050709 USDA challenges governor on state cattle inspectionsJuly 23, 2005
Helena, MT - The U.S. Department of Agriculture is questioning the legality of an order by Gov. Brian Schweitzer that would result in a $3 to $5 fee on Canadian cattle crossing the border destined for Montana.
Schweitzer said on Thursday that he would require additional checks by veterinarians now that cattle shipments from Canada have resumed, and he estimated the cost would be $3 to $5 a head. He cited lingering concerns about importing cattle from a country that has reported three cases of mad cow disease during the past two years.
Terri Teuber, a spokeswoman for the USDA in Washington, said on Friday that agency attorneys had reviewed Schweitzer's order.
"We don't believe the state has the authority to charge a fee due to the burden it would cause on foreign commerce," she said. "With that said, we've not yet seen any proposed regulations or guidelines they intend to follow to conduct the inspections."
Schweitzer dismissed the legal concerns, saying, "We thank them for their advice, but meanwhile we will protect the interests of consumers and the cattle industry in Montana."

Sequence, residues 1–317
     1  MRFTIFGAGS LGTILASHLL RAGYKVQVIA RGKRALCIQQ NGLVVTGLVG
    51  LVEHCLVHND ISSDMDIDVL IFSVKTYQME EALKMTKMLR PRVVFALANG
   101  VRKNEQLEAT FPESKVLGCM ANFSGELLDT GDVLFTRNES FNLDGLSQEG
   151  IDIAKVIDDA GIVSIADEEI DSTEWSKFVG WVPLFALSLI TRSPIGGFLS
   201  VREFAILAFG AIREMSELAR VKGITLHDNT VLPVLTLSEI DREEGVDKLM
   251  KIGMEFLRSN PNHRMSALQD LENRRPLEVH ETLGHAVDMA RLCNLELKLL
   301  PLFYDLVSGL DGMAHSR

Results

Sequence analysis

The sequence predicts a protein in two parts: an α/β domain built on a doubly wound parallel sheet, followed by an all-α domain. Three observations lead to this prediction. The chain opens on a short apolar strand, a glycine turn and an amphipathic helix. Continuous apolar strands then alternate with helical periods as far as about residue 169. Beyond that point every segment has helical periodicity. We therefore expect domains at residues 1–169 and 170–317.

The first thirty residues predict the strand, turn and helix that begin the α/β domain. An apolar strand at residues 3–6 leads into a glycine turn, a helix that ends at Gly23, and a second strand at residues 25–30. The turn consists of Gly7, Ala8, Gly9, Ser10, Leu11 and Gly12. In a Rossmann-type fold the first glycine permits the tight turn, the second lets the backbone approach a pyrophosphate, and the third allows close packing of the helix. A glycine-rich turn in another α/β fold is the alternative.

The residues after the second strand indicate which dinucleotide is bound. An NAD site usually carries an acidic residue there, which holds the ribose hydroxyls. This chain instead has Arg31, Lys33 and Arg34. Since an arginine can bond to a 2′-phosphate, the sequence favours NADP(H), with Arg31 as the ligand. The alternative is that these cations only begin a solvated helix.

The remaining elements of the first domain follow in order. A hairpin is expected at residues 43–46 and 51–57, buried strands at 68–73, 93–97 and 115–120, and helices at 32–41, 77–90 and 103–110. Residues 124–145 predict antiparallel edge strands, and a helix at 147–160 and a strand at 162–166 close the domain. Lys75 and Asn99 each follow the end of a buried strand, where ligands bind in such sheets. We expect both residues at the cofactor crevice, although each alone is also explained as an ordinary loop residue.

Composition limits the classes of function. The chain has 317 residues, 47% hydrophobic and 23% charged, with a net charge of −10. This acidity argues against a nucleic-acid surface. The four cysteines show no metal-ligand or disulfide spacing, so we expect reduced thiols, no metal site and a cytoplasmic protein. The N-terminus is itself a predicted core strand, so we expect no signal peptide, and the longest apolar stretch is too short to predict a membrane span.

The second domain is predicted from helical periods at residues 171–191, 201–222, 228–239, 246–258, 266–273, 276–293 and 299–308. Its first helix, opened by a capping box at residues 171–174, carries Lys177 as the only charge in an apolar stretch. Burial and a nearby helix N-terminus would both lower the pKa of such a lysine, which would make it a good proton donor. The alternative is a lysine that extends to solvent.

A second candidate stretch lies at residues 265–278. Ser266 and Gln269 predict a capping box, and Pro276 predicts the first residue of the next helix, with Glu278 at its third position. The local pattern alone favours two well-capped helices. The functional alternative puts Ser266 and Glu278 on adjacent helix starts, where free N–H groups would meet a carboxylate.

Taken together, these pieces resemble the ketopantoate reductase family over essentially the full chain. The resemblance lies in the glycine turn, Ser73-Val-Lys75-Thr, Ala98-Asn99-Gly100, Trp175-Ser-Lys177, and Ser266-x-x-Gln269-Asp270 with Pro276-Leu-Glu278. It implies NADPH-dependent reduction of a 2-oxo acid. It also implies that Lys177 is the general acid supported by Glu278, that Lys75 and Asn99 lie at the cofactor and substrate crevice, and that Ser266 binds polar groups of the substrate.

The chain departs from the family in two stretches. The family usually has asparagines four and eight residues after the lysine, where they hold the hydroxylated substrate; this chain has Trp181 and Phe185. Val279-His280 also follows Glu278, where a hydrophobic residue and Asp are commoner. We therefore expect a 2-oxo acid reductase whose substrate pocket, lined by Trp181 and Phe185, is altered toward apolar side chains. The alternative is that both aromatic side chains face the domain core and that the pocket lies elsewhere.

Owners or shippers have to pay for complying with federal mandates on cattle shipments, and the state has the authority to impose its own health requirements on cattle shipped into Montana, he said.
"If the United States Agriculture Department is suggesting the buyer and seller don't have to pay for it, then the United States Agriculture Department will have to pay for it," Schweitzer said. "The United States Department of Agriculture needs to recognize that states have an obligation to protect their consumers and their livestock industry."
Under Schweitzer's order, veterinarians acting on behalf of the state Livestock Department will inspect feeder cattle to determine if they are younger than 30 months, not pregnant and have the mandated "CAN" brand.
Owners of the cattle will be required to pay the veterinarians for the cost of the inspections.
Teuber said the USDA believes any state order that would require ranchers to pay an additional fee is inappropriate.
Schweitzer said his order is not a matter of Montana officials questioning Canadian compliance with USDA requirements, and he said he did not consider it a new restriction.
The United States banned Canadian cattle in May 2003 following Canada's first case of mad cow disease, the common name for a fatal brain-wasting disease called bovine spongiform encephalopathy, or BSE.
The ban was about to end in March when U.S. District Judge Richard Cebull in Billings granted a court order to a ranchers' group that kept the border closed. A federal appeals court threw out the injunction last week, and the first truckload of Canadian cattle crossed the border on Monday into New York state.